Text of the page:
Lawyers continue strike to protest judiciary bill

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CAIRO: Lawyers continued for the fourth day Monday an open-ended strike in protest of a judiciary bill that would toughen penalties against lawyers for contempt of court.

A general assembly at the Lawyers’ Syndicate declared its support for the strike.

“[The Judges] want the Supreme Council of the Armed Forces (SCAF), not the parliament, to discuss their new proposed law. We are objecting against their method and … specifically article 18 that gives the judge the right to punish a lawyer,” said lawyer Ali Maher, who stood outside the syndicate chanting against the judicial system.

With unconfirmed news that the controversial article would be removed from the proposed law drafted by the Judges Club, the lawyers promised to escalate if the bill was ever approved by the military, instead of the yet-to-be-elected parliament.

“The people want to cleanse the judiciary,” chanted the lawyers. “We are the free revolutionaries.”

The General Assembly that took place on Monday morning agreed to hold syndicate elections on Nov. 20.

Earlier in the day, lawyers had marched outside the nearby Judges’ Club. The demonstrators reportedly climbed on top of the cars parked outside.

In response, the Judges’ Club closed its doors for a couple of hours. Justice Mohamed Reda, head of the Cairo Criminal Court, later told the guards to reopen the doors.

“Due to the increase of lawyers’ bullying we suggested that article. It was only a suggestion which was open for discussion. But now we canceled this suggestion; therefore, the lawyers’ [protest] is irrelevant,” Reda told Daily News Egypt.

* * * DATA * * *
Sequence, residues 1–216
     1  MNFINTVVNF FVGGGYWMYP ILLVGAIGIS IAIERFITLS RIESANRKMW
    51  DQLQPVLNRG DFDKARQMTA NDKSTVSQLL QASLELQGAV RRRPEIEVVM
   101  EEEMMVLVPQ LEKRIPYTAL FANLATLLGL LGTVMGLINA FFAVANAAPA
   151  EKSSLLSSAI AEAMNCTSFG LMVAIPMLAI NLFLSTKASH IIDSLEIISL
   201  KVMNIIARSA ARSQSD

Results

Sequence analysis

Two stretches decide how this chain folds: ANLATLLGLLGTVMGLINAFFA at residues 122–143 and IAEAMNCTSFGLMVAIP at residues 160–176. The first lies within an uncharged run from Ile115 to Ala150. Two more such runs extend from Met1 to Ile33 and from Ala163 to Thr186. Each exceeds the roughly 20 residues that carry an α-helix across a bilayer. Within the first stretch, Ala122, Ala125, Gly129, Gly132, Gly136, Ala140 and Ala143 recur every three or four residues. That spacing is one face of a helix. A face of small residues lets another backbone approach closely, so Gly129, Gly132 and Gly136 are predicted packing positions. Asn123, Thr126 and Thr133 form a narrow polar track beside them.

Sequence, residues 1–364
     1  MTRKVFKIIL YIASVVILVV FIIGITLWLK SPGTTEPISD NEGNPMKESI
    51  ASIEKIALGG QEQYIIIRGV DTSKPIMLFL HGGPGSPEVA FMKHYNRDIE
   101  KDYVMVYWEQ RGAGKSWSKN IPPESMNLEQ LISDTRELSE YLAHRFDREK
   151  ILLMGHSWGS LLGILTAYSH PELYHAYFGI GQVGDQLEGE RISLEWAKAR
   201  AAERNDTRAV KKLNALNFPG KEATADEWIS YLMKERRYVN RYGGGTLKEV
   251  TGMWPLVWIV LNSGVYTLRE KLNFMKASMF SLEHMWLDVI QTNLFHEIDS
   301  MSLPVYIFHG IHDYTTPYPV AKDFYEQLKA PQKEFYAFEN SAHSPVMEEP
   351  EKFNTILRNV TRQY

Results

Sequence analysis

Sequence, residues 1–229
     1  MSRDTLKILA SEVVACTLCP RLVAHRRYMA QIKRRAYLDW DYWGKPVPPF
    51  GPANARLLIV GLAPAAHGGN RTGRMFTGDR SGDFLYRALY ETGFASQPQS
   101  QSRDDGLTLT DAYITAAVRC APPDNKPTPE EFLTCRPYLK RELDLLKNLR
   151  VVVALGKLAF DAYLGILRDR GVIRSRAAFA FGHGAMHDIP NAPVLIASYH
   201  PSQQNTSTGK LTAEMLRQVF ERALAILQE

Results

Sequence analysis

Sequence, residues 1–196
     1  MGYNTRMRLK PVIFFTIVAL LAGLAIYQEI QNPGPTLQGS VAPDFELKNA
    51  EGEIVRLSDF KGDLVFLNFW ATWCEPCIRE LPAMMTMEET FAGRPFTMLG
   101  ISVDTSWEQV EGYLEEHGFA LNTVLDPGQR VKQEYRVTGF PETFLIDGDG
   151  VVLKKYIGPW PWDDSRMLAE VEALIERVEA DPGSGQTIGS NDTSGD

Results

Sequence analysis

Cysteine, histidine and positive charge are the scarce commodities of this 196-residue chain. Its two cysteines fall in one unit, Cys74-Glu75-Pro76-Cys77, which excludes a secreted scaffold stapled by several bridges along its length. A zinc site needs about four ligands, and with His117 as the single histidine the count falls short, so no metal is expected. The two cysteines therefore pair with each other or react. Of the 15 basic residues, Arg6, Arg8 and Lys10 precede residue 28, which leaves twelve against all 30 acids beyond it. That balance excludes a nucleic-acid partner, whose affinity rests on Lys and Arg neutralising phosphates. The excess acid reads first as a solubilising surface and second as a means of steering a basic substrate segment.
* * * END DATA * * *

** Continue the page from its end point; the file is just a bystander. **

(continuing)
According to the proposed bill, judges could sentence lawyers to up to five years in prison in cases of insulting the court. The controversial article 18 gives judges the power to detain lawyers inside the courtroom if he deems them disruptive.

Reda explained that the judges wanted to treat lawyers like ordinary citizens in the courtroom.

If the lawyers are objecting to a certain article or the whole system, he continued, “they should not disrespect the law”. He was referring to the protest outside the club.

The Judges’ Club has called for a general assembly on Friday to discuss the current tension with lawyers.

“We have never seen this before. We will discuss our security, the insistence of some of the junior lawyers to disrespect our court sessions,” said Reda, adding that senior lawyers can’t ignore what their junior counterparts have been doing regarding judges.

With judges also on strike, the three courts of Zinhom, Maadi and Helwan, have reportedly shut down.

Judges say they will not report to work until they are provided with protection, citing assaults by lawyers.

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